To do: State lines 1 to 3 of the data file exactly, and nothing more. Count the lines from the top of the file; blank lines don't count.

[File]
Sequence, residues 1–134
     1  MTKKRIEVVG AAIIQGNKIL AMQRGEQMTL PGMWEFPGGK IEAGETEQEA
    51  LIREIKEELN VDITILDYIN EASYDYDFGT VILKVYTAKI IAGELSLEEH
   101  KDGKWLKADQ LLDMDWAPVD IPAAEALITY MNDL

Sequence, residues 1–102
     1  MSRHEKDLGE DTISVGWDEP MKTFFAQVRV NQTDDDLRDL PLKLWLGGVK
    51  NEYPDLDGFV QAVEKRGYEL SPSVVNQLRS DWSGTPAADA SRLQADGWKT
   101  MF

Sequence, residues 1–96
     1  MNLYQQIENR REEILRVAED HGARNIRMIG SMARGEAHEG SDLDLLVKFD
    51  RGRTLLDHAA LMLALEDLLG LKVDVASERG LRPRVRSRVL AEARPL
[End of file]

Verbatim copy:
Sequence, residues 1–134
     1  MTKKRIEVVG AAIIQGNKIL AMQRGEQMTL PGMWEFPGGK IEAGETEQEA
    51  LIREIKEELN VDITILDYIN EASYDYDFGT VILKVYTAKI IAGELSLEEH